performance. Nevertheless one can but try — and I have to say
that, altho some students who can transcribe well may not transfer that
excellence into their performance, it's surely very unlikely that
students whose spoken performance is good will be completely unable to
represent what they say in their transcriptions.
I now give a model transcription of the passage I offered students to
attempt in my last blog. I always warn them that such a model
transcription is not necessarily the only possible completely
satisfactory version. In fact one of the reasons for showing a model
that is rather more realistic than I really expect them to produce
themselves is to raise the question of such matters as awareness of the
many elisions, assimilations and compressions that are completely
normal in ordinary conversation. It has to be admitted that this
occasionally results in certain students overshooting the mark and
giving me copy that contains forms that are excessively colloquial but
it at least can raise their level of observation of such phenomena when
they find me objecting that they've gone too far. For example if
a student offered me /sət əv/ at the beginning of line 5, I cdn't claim that such a usage was particularly unusual but I might
well question whether they have complied with the request to provide
suitable EFL target forms.
1. `aɪ dɪdn(t) nəʊ ðə rɒbɪns(ə)nz (h)əd gɒt ə ´kɪtn.
2. `əʊ, `jes. ʃiz ə ´`dɪə lɪtl θɪŋ.
3. ˈhaʊ lɒŋ (h)əv ðeɪ `hӕd ə, ˏhӕrld?
4. ˈsʌm `taɪm. ʃi w(ə)z ə `krɪsməs preznt.
5. ˈwɒ(t) də(ʒ) ʃi `lʊk laɪk?
6. sɔːt əv `ˏtɔːtə(ʃ)˳ ʃel | wɪð ˈbɪts əv ˈʤɪnʤər (ə)n ˈwaɪt |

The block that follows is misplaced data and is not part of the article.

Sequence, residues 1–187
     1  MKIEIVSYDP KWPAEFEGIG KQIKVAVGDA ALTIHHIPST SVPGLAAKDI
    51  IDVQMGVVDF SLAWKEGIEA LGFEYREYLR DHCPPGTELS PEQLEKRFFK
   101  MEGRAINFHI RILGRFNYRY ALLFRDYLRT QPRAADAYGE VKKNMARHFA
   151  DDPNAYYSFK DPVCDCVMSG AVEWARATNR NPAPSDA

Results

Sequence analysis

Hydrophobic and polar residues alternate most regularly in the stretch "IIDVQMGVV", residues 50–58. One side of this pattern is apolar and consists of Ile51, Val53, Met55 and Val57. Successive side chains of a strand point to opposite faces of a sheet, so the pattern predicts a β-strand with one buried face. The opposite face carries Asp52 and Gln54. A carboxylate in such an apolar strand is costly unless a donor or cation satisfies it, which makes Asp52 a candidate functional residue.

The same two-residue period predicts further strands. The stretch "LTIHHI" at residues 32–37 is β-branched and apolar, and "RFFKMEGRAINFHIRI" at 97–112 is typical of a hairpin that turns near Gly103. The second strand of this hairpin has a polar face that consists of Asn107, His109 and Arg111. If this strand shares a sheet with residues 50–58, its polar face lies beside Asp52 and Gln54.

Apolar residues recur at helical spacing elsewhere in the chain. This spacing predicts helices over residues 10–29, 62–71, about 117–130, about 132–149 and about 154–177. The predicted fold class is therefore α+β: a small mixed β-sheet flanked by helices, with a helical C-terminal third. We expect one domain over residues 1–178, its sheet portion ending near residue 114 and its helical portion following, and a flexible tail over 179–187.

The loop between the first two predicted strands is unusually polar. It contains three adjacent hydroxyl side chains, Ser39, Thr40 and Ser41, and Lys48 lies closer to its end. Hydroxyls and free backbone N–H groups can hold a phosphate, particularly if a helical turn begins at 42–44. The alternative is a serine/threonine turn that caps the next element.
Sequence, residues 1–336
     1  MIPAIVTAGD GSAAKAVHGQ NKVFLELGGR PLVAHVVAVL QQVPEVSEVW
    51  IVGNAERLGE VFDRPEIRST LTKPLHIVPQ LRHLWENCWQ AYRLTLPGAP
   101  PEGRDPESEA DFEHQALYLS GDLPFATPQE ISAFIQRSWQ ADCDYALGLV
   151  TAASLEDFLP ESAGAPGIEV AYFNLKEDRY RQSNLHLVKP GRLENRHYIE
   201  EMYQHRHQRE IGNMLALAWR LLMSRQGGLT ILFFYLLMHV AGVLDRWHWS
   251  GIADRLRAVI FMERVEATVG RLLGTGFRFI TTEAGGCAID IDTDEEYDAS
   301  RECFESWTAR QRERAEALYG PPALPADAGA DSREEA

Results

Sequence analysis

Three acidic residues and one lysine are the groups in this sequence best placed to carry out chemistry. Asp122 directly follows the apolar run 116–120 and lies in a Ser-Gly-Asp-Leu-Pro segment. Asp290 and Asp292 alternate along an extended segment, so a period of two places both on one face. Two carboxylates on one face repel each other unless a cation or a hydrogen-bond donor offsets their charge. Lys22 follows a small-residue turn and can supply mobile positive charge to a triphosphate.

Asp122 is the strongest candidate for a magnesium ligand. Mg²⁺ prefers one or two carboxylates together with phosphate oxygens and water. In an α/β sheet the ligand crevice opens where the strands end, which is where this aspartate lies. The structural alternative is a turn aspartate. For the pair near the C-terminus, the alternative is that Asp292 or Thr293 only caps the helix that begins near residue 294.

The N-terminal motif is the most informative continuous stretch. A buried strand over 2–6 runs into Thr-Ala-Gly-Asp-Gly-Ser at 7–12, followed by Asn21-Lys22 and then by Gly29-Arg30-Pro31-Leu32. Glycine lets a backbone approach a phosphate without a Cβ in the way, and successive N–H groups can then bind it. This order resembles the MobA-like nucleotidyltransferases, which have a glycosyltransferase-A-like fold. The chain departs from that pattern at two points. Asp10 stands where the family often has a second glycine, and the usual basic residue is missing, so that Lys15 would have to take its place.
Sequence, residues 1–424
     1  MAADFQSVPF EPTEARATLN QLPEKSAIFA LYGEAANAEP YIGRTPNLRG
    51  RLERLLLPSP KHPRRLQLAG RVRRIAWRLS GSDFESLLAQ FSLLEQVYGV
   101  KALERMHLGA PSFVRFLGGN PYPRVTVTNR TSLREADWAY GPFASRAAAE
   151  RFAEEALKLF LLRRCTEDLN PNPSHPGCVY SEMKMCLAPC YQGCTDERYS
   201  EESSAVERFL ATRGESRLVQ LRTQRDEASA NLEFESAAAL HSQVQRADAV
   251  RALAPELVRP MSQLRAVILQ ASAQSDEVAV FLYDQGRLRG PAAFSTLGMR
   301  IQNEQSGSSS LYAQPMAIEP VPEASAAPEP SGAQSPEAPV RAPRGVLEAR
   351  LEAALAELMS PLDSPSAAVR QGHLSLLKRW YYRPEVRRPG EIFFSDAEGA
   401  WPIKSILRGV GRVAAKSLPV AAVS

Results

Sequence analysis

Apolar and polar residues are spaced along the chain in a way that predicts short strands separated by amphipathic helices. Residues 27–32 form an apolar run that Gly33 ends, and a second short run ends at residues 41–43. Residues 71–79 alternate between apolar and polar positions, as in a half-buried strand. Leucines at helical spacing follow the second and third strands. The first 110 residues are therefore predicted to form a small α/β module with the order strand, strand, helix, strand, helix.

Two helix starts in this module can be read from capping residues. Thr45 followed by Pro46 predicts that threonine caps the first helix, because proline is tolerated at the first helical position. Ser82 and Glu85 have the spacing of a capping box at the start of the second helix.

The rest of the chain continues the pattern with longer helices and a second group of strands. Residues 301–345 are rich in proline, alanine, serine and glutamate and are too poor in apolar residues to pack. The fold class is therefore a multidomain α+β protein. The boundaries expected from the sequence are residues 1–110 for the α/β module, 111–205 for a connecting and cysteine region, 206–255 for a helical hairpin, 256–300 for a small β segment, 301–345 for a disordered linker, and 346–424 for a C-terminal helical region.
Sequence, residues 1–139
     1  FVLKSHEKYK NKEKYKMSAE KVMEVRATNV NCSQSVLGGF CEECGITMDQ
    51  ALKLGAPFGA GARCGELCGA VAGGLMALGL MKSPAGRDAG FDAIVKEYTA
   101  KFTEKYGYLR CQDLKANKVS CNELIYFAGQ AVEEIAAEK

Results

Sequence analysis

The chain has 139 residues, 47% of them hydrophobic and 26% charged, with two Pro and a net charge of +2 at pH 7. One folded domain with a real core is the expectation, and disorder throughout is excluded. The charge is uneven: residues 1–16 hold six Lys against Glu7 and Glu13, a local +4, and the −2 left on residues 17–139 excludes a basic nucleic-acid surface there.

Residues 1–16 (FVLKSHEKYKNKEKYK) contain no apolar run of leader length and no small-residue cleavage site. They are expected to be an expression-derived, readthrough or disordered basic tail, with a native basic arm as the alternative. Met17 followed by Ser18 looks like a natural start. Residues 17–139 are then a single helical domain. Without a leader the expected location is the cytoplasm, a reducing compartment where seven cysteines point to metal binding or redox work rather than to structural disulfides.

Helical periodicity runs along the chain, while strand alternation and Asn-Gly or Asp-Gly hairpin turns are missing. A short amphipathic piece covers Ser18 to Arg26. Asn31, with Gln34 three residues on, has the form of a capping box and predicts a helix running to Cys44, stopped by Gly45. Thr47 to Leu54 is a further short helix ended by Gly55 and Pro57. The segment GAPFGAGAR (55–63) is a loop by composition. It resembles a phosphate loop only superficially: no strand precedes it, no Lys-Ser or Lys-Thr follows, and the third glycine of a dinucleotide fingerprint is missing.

7. ɒn ɜː ˈfeɪs n `pɔːz.
8. ən ˈwɒt əv ðeɪ `kɔːld ə? ː
9. `flʌfi. bət ðə `ˏʧɪldrn ˳kɔːl ə `klɔːri-pɔːz.
10. ðeər ˈɔːlwɪz ˈgetɪŋ sə(ʊ) meni `skrӕʧɪz frɒm ə.
Altho I ask my students to give no alternatives at all in order to
simplify their task, I may give some myself in my model versions to let
them know that they weren’t wrong when they chose an alternative I
showed. However, I still point out that I consider the forms not in
brackets to be the preferable choices.
Of course they may find some of the elisions etc surprising for example
as in line 5. I expect them to look up in a dictionary (eg LPD or ALD)
any word they’re not certain about, for example if they
aren’t sure whether it’s normal to aim to say the
orthographic t in Christmas.
certainly don't set out to include any unusual words. The area of
most errors is always the handling of weakform words. I expect them to
study accounts of this topic in textbooks tho I don’t find too
many really adequate treatments of it. For example I know none which
points out the relative abnormality of using /h/ forms in certain
contexts like the occurrence of her in line 3.